D. Methodological commitments and challenges
30. The Special Rapporteur is committed to cooperation and dialogue with States and other stakeholders, including inter alia national human rights institutions, non-governmental organizations, intellectuals, artists, scientists and professionals in relevant fields, such as cultural heritage professionals, teachers and educators and representatives of relevant professional associations and the private sector.
31. The Special Rapporteur recognizes the need to centre the issue of State responsibility to respect, protect and fulfil cultural rights, but also to find innovative ways to speak directly about the impact on cultural rights of a wide range of non-State actors, and not only through the lens of State due diligence.
32. As mandated by the Council, the Special Rapporteur plans to consult with other relevant human rights bodies and mechanisms, in particular UNESCO, the treaty bodies, other special procedures and the Permanent Forum on Indigenous Issues. She would also like to interact with relevant regional mechanisms, such as the Unit on Economic, Social and Cultural Rights of the Inter-American Commission on Human Rights and the Working Group on Economic, Social and Cultural Rights of the African Commission on Human and Peoples’ Rights.
E. Priorities for the mandate holder: 2015-2018
33. The present section identifies some urgent concerns of high priority based on the Special Rapporteur’s initial consideration. However, it is also critical to leave room for flexibility to respond to emerging challenges and opportunities.
34. One priority theme that the Special Rapporteur will address in her first report to the General Assembly is the intentional destruction of cultural heritage, as exemplified by the demolitions of the Baalshamin Temple and the Temple of Bel in Palmyra in 2015. That issue is introduced below. The Special Rapporteur hopes to also take up the question of the destruction of cultural heritage in the name of “development” in the future, taking into consideration the particular impact on indigenous peoples.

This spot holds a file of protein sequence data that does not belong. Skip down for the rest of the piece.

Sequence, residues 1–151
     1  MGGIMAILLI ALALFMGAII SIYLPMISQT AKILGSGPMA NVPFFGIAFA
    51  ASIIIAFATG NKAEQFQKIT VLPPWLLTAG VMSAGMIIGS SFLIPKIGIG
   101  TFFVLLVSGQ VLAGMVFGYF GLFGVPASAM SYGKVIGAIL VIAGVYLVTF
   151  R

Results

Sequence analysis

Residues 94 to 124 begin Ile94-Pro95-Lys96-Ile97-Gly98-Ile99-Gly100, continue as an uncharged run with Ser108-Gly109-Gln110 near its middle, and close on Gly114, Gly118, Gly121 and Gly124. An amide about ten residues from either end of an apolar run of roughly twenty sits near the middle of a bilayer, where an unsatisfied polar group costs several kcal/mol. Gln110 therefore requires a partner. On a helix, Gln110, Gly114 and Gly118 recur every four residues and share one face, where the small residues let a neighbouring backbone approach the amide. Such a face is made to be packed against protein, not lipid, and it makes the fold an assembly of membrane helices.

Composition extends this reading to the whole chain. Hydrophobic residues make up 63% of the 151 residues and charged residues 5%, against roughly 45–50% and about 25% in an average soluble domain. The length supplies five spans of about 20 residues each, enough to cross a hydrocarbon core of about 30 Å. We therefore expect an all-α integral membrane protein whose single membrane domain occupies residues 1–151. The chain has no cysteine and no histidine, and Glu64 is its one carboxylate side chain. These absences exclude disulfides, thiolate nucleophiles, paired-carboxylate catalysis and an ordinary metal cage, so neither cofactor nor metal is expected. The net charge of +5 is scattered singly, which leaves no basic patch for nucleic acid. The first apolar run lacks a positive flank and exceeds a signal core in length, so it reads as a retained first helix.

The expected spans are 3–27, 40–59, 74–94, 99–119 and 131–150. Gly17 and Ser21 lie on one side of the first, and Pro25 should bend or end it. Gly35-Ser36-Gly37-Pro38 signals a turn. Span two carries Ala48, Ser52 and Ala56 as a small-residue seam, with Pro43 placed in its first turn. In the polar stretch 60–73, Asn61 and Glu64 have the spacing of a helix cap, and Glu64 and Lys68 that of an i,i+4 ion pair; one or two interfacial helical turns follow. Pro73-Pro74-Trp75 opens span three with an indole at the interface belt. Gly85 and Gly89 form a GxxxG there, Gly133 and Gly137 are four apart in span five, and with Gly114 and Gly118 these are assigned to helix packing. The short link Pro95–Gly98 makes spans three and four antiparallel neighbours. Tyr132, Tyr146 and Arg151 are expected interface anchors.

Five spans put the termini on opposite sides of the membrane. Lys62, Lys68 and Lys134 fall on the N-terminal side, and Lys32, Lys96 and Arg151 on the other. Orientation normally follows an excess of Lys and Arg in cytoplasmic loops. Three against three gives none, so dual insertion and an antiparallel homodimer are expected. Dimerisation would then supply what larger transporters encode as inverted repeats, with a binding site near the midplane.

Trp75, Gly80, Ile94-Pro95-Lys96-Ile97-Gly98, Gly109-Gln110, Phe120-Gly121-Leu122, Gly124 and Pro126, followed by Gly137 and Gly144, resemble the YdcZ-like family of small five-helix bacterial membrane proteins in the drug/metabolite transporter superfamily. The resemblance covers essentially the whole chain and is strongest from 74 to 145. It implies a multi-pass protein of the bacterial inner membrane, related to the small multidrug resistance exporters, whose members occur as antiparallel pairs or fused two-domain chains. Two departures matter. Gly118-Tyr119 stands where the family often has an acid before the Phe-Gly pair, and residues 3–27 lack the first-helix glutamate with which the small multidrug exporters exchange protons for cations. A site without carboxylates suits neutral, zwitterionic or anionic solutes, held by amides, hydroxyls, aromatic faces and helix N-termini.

35. In line with the emphasis placed on the issue by the Secretary-General and the United Nations High Commissioner for Human Rights, the Special Rapporteur also intends to produce a body of work on diverse forms of fundamentalism and extremism, which have now reached devastating proportions in many regions of the world and have had grave repercussions on cultural rights, resulting e.g. in widespread attacks on art and artists, on schools, on curricula, on women, on cultural practices and heritage and on freedom of thought, conscience and religion.13 Conversely, science, education and culture, including the arts, are important tools for combating fundamentalist ideologies that are detrimental to human rights and result in discrimination, violence and terrorism.
36. The Special Rapporteur would also like to emphasize the situation of artists, scientists and intellectuals at risk, who face a wide range of violations of their human rights around the world. It is urgent to recognize and address these risks, as the ability of such persons to fulfil their artistic, scientific and intellectual roles, including in the field of education, is essential for their own human rights but also for the cultural rights of all.
37. The Special Rapporteur also intends to continue addressing the right to artistic expression and creativity more broadly. Too many countries still practise censorship of the arts (see A/HRC/23/34). Financial crises and austerity measures have led to severe cuts in public spending, resulting in unemployment among artists and the closure of cultural institutions. Moreover, the Special Rapporteur expresses deep concern about the ongoing inequalities faced by women in the arts.14
38. In light of the epic 2015 refugee and migrant crisis that is ongoing, the Special Rapporteur believes it important to underscore that protecting the cultural rights of refugees and migrants, including women, is a critical aspect of ensuring their well-being, integration and rehabilitation after trauma. The Special Rapporteur is keen to find ways to address those questions.
39. The issue of public space is a central theme of the mandate that needs further exploration. Some of the main questions are whether access to public space is open to all, who curates the public space, whose voice is dominant and how public space can be used as a tool for mutual exchange and interaction. These are central questions for enabling people to live together in dignity.